By Courtney Trenwith
Spiritual leader of the Tibetan people has reiterated calls for Buddhists to end violence against Muslims in Myanmar, Sri Lanka
The Dalai Lama, the spiritual leader of the Tibetan people, has again urged Buddhists in Myanmar and Sri Lanka to stop violence against Muslims, which has escalated in recent weeks and caused the deaths of at least five men.
In Myanmar, riots broke out in Mandalay last week when Buddhist gangs – reportedly including monks – attacked Muslim-owned businesses and mosques in retaliation for what they claimed was the rape of a Buddhist woman by two Muslim teashop owners.
Two men – one a Muslim, the other a Buddhist – were reportedly killed in the violence.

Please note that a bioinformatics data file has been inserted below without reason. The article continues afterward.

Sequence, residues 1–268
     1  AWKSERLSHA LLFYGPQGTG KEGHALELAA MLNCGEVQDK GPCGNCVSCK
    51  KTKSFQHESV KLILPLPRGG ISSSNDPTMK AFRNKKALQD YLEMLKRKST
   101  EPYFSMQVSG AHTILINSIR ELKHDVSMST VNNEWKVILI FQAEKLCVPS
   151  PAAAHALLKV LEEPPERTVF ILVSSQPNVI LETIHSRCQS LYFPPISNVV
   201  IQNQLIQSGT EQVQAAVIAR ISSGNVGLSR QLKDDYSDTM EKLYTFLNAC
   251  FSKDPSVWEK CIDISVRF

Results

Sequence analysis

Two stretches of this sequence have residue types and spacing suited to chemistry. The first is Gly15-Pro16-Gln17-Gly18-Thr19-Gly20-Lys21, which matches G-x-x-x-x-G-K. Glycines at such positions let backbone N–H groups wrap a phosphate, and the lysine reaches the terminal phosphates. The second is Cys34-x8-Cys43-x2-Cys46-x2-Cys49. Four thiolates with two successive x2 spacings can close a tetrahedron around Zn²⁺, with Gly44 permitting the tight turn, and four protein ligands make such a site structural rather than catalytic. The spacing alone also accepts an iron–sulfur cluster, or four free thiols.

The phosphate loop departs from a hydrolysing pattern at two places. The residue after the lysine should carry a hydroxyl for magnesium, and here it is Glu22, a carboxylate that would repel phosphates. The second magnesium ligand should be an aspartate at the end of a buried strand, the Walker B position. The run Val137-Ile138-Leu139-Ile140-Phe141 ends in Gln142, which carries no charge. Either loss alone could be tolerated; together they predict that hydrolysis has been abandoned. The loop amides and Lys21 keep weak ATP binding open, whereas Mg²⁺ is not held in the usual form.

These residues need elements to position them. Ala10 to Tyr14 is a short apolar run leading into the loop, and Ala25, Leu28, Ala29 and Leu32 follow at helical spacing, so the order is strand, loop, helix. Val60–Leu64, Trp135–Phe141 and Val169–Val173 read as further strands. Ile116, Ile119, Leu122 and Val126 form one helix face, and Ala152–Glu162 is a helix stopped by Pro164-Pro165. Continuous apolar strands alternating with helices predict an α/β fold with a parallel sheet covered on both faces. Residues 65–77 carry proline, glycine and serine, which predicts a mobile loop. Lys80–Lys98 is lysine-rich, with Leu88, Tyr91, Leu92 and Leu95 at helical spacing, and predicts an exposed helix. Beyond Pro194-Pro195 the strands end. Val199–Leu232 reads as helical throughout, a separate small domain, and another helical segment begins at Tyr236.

Mandalay is the home of extremist Buddhist monk Wirathu, who is believed to have helped incite the violence by spreading the rape rumours on his Facebook page.
Three Muslim men also were reportedly killed in Sri Lanka last month in the worst religious violence in recent decades.
The Dalai Lama used a speech to mark his 79th birthday in front of a massive crowd including Hollywood film star Richard Gere in Leh, India-administered Kashmir, to call for an end to the violence, Al Jazeera reported.
The violence in the Buddhist-majority countries targeting religious minority Muslims was unacceptable, the leader, who fled Tibet for India in 1959 after a failed uprising against Chinese rule, said.
"I urge the Buddhists in these countries to imagine an image of Buddha before they commit such a crime," he said.
"Buddha preaches love and compassion. If the Buddha is there, he will protect the Muslims whom the Buddhists are attacking.”
The Dalai Lama also expressed shock at the surge in deadly violence by Sunni rebels against fellow Muslims, although he did not refer specifically to Iraq.